The judgment of the district court is AFFIRMED.
Appellant also sued several other state officials as well as the Secretary of the United States Department of Health and Human Services. She does not, however, contest the dismissal of her claims against these defendants
Because our holding rests on the absence of action under color of state law, we need not address the nature of the substantive rights available through the Social Security Act that are enforceable against the state under Sec. 1983. See Taylor, 685 F.2d at 988; cf. Mitchell v. Johnston, 701 F.2d 337, 346 (5th Cir. 1983) (considering adequacy of state's compliance with Medicaid Act); Kimble v. Solomon, 599 F.2d 599, 604 (4th Cir.) (considering adequacy of state's compliance with Medicaid regulations), cert. denied, 444 U.S. 950, 100 S. Ct. 422, 62 L. Ed. 2d 320 (1979)
Appellant asserts that Blum concerned state action solely for purposes of the fourteenth amendment, without regard to a state's denial of federal statutory rights under Sec. 1983. Brief for Appellant at 18; see Blum, 457 U.S. at 993, 102 S. Ct. at 2780. Inferring that the appellant's distinction is meant to define state action more narrowly where constitutional as opposed to statutory deprivations are alleged, we are nonetheless unprepared to say either that the dichotomy holds water or that it is necessitated by the case law. Section 1983's under-color-of-law requirement may not be congruent with state action, but the fact that these state appellees had nothing to do with Ms. Stewart's transfer makes this an inappropriate case for confronting so elusive an issue. Cf. id. at 1012 n. 1, 102 S. Ct. at 2790 n. 1 (Brennan, J., dissenting); Frazier, at 1283 n. 7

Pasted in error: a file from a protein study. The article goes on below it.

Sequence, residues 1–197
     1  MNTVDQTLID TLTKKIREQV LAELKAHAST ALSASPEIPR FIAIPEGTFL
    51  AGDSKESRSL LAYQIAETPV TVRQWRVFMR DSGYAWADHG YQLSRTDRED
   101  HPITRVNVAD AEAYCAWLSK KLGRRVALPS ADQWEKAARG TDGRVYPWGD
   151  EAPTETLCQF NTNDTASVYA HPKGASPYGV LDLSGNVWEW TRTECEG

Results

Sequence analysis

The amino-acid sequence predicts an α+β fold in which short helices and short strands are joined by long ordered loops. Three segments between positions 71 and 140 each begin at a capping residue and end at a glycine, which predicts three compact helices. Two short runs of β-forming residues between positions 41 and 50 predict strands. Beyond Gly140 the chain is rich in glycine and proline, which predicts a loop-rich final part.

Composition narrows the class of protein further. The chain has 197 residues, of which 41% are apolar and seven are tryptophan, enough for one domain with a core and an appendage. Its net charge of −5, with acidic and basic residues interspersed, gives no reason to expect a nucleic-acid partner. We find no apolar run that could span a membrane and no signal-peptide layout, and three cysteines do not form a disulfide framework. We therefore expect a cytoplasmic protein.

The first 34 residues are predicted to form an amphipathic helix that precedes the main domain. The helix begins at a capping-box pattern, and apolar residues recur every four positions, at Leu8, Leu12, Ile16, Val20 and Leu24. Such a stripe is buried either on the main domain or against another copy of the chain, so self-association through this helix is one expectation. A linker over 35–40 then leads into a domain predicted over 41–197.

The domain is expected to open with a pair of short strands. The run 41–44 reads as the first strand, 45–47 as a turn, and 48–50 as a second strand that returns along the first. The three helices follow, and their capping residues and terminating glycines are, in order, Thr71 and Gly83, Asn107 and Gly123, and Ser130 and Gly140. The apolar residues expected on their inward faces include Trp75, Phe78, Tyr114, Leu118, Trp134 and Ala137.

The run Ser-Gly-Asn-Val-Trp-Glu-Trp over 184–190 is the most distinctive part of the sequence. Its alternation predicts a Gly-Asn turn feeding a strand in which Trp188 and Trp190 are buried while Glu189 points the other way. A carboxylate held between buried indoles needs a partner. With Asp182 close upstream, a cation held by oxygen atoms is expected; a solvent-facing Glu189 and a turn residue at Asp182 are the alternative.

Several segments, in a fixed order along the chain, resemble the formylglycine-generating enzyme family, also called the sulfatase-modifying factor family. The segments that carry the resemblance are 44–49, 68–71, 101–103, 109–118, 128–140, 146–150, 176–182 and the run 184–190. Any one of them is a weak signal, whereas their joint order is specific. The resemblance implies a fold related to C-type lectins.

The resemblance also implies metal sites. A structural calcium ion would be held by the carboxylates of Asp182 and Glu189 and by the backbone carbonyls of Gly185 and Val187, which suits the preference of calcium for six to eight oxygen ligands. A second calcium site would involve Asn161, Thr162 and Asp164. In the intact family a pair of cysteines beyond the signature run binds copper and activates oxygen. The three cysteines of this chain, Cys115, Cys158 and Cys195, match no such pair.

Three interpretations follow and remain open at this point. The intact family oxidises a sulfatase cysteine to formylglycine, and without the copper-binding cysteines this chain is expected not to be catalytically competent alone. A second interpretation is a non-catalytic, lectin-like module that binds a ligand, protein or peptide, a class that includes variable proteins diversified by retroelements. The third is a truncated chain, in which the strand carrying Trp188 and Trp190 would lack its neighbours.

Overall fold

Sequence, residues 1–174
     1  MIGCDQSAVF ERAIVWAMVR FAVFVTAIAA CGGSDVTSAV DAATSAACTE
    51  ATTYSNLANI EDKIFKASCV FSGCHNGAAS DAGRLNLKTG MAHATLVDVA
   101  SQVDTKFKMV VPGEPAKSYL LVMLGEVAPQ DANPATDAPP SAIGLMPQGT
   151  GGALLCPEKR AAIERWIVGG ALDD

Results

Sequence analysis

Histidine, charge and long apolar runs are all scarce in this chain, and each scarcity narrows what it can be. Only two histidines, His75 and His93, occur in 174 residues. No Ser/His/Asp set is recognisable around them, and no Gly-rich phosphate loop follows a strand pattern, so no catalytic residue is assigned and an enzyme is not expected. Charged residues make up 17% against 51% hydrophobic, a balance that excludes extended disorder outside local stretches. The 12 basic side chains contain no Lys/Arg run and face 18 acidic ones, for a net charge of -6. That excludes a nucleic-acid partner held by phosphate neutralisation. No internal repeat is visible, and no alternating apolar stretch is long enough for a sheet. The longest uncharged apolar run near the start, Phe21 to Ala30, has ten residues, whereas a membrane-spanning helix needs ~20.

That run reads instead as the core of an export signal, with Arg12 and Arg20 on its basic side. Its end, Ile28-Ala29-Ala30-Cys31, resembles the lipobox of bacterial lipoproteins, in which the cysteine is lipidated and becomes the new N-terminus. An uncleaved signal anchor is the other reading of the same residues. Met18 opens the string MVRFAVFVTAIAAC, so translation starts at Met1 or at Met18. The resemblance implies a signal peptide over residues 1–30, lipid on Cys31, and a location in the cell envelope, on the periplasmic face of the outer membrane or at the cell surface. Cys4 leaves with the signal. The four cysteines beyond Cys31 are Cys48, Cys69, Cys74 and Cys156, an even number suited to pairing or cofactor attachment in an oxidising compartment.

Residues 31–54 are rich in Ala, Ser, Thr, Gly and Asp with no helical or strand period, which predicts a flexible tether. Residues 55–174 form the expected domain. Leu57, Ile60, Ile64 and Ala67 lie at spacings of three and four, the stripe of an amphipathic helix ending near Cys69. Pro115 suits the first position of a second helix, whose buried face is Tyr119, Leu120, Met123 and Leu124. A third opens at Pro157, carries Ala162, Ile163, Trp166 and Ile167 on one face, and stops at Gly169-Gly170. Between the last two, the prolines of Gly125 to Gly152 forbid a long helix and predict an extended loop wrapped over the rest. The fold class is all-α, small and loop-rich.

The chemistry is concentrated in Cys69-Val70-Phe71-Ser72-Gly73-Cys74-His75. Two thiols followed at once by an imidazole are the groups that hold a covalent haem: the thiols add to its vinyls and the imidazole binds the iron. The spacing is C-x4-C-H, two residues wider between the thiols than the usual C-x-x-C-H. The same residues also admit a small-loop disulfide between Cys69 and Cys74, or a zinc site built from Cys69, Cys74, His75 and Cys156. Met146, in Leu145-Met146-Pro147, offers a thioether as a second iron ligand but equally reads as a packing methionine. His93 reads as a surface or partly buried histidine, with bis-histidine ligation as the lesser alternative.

Since appellant's transfer was not occasioned by any acts or omissions of the state appellees, we need not consider the adequacy or inadequacy of state administrative procedures regarding such transfers